But it’s not just a great aerobic workout you’ll receive. Tennis also provides you with an anaerobic workout. Let’s find out how.
Tennis exercise increases the oxygen intake while you’re playing. In turn, your heart rate increases which helps your blood deliver oxygen and nutrients to your muscles.
Playing tennis aids in the development of numerous capillaries and capillary beds within your muscles. This allows the muscles to have a greater blood supply and flow.
The result is that the muscles can now perform at a higher level while experiencing fatigue at a slower rate.
Anaerobic exercise is also beneficial to your kid’s health. This happens when you engage in exercises where the demand for oxygen is greater than the supply.
Playing tennis allows their muscles to use oxygen in a better way. Their muscles are then provided with quick energy boosts to give them explosive power to engage in quick, reactive movements.
4. Enhances Flexibility And Coordination
When kids go through growth spurts, it can leave them feeling uncoordinated and a bit clumsy. That can shake their confidence.
One of the benefits of tennis is that it enhances coordination. That’s because tennis requires the full cooperation of the whole body.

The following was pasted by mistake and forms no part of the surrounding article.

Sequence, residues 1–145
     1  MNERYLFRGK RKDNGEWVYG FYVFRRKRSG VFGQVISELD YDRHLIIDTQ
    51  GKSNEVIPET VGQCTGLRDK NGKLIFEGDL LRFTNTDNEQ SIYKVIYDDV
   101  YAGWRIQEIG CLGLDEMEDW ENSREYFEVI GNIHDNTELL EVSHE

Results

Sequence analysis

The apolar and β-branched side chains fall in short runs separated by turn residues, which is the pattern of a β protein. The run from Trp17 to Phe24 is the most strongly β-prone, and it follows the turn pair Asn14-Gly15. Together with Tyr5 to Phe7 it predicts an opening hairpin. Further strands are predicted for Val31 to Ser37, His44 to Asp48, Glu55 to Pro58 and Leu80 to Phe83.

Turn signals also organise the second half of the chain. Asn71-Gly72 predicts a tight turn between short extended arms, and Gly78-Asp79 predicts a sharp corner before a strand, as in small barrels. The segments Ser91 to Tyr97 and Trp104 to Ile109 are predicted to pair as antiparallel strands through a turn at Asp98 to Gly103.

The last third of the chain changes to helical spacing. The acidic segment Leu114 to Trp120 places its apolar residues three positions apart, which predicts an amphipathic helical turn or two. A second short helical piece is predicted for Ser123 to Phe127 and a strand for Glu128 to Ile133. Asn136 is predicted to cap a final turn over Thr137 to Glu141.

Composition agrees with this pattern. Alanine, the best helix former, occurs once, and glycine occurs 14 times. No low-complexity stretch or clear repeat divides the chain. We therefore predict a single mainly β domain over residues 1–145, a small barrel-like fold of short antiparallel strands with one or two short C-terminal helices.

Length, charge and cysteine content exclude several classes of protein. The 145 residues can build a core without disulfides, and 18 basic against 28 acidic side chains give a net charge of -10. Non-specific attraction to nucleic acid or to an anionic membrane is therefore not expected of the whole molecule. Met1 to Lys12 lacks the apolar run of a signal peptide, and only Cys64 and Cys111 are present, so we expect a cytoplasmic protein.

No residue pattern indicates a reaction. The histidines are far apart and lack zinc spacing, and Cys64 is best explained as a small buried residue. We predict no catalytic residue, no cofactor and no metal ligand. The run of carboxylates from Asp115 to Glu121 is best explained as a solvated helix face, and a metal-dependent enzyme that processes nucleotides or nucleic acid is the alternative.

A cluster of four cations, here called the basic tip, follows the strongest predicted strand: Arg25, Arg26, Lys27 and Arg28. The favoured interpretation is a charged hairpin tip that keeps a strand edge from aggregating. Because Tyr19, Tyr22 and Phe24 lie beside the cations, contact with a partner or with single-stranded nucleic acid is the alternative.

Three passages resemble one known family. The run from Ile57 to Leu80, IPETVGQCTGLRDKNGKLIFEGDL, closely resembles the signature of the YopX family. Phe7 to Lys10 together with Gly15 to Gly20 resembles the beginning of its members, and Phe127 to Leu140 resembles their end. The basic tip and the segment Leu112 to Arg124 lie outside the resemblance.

You need your feet to maneuver you into the right position. Your arms and hands are positioned with the racquet in order to make contact with the ball.
The torso and legs are utilized to provide the power necessary to send the tennis ball flying over the net with power. This process happens every time you go to hit the ball.
Each shot requires a combination of flexibility, coordination, and balance. Greater flexibility gives them a wider range of motion.
As your kids practice and improve, they’ll find they are able to prevent injuries and reduce muscle strain by playing tennis.
5. Boosts Mental Health
There’s more than just physical health benefits of tennis. Tennis is also known to improve mental health.
Tennis requires the brain to be creative. Playing the game well involves a combination of planning, tactical thinking, agility, and coordinating different parts of your body.
And, the more someone plays tennis, the better and stronger the neural connections related to those activities become. As a result, your kids will naturally get better at the sport.
But your brain also gets a workout. Exercises that require a lot of thinking actually improves brain function. That means, your kids get a workout that helps them improve their memory, learning, social skills, and behavior.
And they’re having a ton of fun while they’re doing it. But there’s more.
Kids who play sports also tend to enjoy greater self-esteem and are less anxious. Fewer of them experience anger and depression as well.
Sign Up For Lessons
One of the best benefits of playing tennis is that it gives your child an opportunity to meet and make new friends. Our coaches and staff are on hand to ensure your child stays safe while having fun.
As long as your child can hold a racquet, they can learn the fundamentals of tennis. And we’d love to teach them how to start.
Click here to sign your child up for tennis lessons.